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Andrew Kay Robertson
Civilian RMS Lusitania
(d.7th May 1915)
Andrew Kay Robertson lost his life in the sinking of the Lusitania on the 7th May 1915. Robert is remembered at St. Mark's Church, Jarrow. Consulting the RMS Lusitania crew and passenger lists establishes that Andrew Robertson was a second class passenger on the ship as a British National but resident in New Orleans, USA. So it looks as though he may have emigrated to the USA. No. Found passage to USA on board SS Caledonia from Londonderry to New York 18th March 1913 bound for SS Ceiba in New Orleans as sailor. SS Ceiba was completed by Swan Hunter Low Walker yard in April 1911 for Emerald SS Co. Belfast and moved in 1913 to Vaccaro SS Co. in Ceiba. So it looks as though he went out there in an engineering capacity to that vessel. Finished his work by the look of it and returning on the doomed Lusitania.
Andrew was born in Jarrow 1890, son of George and Helen Robertson of Jarrow. In the 1911 census the family lived at 55 Cobden Street, Jarrow. His father George(51)was a ship's caulker working at Middle Dock Ship Repairers and had been born in Kinghorn, Fife. His mother Helen(51)was also born in Gallatown, Fife. They had been married for 27 years and all 10 children survived with 7 still living at home. Andrew (21) was an engine fitter in the shipyard. George (19) and David(15) were both apprentice shipwrights. Helen(17) was the only daughter. The three youngest boys were all school age - Duncan(12) Hector(11) and Angus was 7 years old.
Lusitania Sinking. During World War I, Germany waged submarine warfare against the United Kingdom. Lusitania, which had been built with the capability of being converted into a warship, was identified as a target. The German submarine U-20 torpedoed and sank her on 7 May 1915; this was early in the war before tactics for evading submarines were fully developed. The ship suffered two explosions, the second one which could never fully be explained, and sank in 18 minutes. The Lusitania disaster killed 1,192 of the 1,960 known people on board, leaving 768 survivors. Four of these survivors died soon afterwards of trauma sustained from the sinking, bringing the final death toll to 1,196.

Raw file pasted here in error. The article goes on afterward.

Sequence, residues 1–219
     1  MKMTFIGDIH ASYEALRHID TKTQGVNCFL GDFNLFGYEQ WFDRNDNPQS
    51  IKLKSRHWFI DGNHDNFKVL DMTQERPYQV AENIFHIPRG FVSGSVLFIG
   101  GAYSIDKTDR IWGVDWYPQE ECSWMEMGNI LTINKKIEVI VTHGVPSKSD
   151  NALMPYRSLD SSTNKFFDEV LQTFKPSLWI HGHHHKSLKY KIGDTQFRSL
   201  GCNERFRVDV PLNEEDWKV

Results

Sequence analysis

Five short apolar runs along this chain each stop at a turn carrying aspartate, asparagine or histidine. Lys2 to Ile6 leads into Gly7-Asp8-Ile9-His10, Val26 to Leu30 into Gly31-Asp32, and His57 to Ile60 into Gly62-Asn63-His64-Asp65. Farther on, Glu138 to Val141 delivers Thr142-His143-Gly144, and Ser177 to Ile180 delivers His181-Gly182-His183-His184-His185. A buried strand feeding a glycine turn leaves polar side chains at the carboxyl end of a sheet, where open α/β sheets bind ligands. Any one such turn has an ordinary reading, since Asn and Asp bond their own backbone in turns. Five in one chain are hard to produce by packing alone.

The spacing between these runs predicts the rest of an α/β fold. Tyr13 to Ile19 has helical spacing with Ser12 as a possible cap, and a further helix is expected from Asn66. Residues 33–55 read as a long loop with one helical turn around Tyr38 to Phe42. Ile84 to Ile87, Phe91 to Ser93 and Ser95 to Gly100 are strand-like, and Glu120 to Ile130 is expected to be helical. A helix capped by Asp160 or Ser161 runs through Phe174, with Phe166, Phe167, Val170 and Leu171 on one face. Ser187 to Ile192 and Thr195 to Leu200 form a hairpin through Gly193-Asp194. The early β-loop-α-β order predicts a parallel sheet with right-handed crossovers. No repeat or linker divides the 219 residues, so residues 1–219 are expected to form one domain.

The sinking turned public opinion against Germany, particularly those in Ireland and the then-neutral United States. Previously the war was seen as being removed from their daily lives, but after the sinking they felt that the war now involved them. The United States joined the war on the side of the Allies (same side as the United Kingdom) and against Germany on 6 April 1917.
U20 Submarine. The SM U-20 was a German U-19 Type submarine built for the Kaiserliche Marine. She was commissioned on 5 August 1913. During World War I she sank 37 ships for a total of 145,830 tons and damaged 2 ships for a total of 2,643 tons. The largest and most famous ship sank by U-20 was the Cunard passenger ship RMS Lusitania in May 1915, that sinking being one of the major events leading up to America’s participation in the war in 1917. Later in the war, on 4 November 1916, U-20 ran aground at Vrist, near Thorsminde, on the Danish coast. Her crew detonated her bow torpedoes to destroy her the next day.
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